A trio of girls walk the fringe of the parking lot, baskets of bread on each arm. Their clothes are dotted with stab holes from sharp pencils and old nails, they have no lace about their ears. Someone told them about birds hitting the buildings, about dead birds by the thousands. The girls seek the graves of the birds whose bones are turning to coal. They place bottle caps in neat rows as markers for the remains, with a sprinkle of crumbs for food in the afterlife. In dusty skin and solemn bowed heads are the cavities of lost bodies scored in the memory.
Browning flowers bend along the driveway of a medium sized white house. The man who lives there marries every few years, taking a new young bride who subsequently drives away in the night, or who vanishes on her way to the grocery store, or dies in childbirth along with the infant. The neighbors hear no fighting, in fact they barely see anyone about the property at all. Yet each winter weak plumes of smoke etch out of the chimney, and someone prunes back the bushes in early spring. The man in the house is observant, for he counts and measures the boot prints in the snow. He knows which are his, which belong to the meter reader, and those of the curious children who circle the house in the night, until he chases them like rabbits from the undergrowth with an old cane switch.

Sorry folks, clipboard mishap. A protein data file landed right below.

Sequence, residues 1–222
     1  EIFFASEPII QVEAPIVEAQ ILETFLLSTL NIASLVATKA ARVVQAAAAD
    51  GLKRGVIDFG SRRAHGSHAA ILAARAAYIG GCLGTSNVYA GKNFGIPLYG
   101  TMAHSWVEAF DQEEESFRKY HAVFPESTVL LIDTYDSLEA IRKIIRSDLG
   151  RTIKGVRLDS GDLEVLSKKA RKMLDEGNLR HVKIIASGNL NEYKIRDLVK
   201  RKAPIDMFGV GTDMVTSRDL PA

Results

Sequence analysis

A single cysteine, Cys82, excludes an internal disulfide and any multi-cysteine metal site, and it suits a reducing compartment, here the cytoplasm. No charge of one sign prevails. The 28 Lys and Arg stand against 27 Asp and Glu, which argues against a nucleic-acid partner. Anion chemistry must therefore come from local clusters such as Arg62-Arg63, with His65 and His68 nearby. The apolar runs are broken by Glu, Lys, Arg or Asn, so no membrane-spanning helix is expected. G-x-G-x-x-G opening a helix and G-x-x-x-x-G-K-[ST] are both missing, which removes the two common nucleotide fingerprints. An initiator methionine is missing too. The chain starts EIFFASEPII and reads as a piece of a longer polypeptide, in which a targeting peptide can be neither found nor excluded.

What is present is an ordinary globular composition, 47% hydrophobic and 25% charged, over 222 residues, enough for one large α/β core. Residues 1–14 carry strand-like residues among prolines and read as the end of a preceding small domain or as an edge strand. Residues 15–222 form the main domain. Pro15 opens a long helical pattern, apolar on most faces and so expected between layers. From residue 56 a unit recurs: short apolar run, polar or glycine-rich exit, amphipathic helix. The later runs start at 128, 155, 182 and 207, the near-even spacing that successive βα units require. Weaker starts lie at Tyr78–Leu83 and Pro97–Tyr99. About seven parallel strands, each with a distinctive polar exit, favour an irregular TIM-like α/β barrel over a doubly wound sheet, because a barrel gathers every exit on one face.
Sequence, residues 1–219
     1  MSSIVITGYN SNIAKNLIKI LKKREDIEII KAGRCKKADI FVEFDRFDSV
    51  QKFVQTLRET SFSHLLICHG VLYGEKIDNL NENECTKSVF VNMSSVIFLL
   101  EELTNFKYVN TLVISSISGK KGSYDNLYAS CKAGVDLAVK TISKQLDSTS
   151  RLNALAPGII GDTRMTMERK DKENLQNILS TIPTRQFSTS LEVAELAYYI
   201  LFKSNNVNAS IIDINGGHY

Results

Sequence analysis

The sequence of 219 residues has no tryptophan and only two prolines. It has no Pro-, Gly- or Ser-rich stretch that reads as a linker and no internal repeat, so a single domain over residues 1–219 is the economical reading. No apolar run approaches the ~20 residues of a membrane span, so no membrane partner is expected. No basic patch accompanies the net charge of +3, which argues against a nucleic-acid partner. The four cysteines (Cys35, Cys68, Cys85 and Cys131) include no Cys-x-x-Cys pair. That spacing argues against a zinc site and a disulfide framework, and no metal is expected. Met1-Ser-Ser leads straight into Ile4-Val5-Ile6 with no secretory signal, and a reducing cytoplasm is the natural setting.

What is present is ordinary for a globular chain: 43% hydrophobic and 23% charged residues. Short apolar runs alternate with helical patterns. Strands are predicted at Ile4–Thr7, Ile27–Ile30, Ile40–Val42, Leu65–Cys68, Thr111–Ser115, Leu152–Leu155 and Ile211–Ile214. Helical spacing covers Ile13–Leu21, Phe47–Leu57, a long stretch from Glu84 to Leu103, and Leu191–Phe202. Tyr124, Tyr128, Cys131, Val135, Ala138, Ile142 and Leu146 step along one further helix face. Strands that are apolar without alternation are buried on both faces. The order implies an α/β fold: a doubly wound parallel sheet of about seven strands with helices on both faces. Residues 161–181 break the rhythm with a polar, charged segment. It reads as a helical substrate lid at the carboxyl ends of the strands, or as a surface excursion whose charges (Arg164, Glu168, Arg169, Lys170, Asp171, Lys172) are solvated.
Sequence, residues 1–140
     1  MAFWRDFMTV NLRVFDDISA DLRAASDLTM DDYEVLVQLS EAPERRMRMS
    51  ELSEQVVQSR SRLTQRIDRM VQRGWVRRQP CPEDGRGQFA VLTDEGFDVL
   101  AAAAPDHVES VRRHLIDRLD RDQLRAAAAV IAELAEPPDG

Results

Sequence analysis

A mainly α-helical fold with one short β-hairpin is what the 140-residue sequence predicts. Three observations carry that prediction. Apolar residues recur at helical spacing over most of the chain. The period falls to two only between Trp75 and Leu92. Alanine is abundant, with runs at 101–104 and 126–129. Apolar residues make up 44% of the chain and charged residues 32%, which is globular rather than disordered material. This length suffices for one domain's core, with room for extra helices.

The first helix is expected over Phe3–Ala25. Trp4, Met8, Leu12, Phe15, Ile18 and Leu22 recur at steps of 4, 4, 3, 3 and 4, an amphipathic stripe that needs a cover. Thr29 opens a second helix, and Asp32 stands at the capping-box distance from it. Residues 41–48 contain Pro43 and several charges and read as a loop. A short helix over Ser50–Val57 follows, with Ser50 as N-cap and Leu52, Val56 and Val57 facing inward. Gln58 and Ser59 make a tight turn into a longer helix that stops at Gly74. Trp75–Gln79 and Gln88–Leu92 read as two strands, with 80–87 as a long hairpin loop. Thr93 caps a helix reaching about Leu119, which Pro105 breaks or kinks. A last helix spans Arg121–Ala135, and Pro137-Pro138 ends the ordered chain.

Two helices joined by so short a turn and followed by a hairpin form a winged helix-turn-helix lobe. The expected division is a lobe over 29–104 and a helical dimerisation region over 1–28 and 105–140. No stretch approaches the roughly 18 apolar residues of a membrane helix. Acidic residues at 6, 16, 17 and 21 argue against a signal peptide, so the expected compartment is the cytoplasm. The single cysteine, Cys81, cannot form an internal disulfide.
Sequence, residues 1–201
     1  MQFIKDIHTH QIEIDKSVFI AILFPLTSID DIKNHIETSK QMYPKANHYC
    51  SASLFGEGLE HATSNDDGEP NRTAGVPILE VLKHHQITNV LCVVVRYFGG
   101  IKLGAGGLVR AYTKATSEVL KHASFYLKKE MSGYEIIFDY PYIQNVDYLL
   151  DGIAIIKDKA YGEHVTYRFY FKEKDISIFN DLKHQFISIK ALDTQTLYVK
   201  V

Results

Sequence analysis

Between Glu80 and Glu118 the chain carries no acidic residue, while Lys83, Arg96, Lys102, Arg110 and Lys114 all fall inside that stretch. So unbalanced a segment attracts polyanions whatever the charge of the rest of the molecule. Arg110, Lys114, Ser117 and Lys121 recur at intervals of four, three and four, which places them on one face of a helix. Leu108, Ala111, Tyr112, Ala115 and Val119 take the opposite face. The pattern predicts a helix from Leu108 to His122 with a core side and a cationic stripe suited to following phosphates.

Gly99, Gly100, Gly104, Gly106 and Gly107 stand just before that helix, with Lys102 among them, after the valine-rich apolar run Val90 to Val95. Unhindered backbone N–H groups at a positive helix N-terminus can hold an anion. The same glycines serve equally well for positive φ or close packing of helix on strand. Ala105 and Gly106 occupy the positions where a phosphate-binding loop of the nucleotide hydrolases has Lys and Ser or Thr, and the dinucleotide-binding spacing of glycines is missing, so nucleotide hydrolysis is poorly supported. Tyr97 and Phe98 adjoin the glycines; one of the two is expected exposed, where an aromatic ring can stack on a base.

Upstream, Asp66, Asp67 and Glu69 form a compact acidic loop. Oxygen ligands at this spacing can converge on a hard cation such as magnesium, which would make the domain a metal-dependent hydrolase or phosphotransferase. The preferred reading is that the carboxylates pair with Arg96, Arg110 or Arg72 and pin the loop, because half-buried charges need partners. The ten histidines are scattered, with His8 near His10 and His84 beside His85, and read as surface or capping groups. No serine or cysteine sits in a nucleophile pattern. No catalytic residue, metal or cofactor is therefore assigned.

At dusk one day a finch mistakenly flew inside the kitchen of a lazy woman and her daughter. Trapped inside for the night, they gave her a piece of lace to finish mending, then some torn underwear, and finally a delicate handkerchief with frayed edges. The finch nipped and hopped and pulled and handled the needle with ease. Finally they gave her a heavy black coat with fine white stitching that had come apart, and urged her to fix it. The finch did as they asked, for she feared she would never be let go if she refused. Then she sank down, exhausted, for it was now nearing dawn. The mother and daughter turned to each other and blushed, suddenly ashamed that they made the finch work so hard. They lit the copper pot and gave her some tea. But it was too late: the bird was dead. While the sun rose, the women were framed in the window with the morning light, averting their eyes and stroking the finch, hoping to coax her alive. When they did glance into the sun coming into the kitchen, a crow flew by the window, and in that black second they both lost their sight forever. Now they stumble about the cold house, fighting over the mended coat.